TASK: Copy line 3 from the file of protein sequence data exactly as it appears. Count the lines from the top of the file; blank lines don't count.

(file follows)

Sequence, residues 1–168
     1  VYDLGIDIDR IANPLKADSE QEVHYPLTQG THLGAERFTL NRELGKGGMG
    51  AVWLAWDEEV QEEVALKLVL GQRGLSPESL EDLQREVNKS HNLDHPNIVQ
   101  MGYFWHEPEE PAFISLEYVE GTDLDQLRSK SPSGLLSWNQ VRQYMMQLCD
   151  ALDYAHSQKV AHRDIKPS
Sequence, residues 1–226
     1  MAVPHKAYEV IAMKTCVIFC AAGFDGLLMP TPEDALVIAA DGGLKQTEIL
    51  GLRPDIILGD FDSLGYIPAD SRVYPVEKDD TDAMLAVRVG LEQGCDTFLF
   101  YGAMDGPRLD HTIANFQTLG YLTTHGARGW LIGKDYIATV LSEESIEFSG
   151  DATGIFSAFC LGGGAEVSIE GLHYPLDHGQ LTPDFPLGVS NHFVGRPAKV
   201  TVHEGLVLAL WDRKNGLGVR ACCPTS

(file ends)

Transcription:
    51  AVWLAWDEEV QEEVALKLVL GQRGLSPESL EDLQREVNKS HNLDHPNIVQ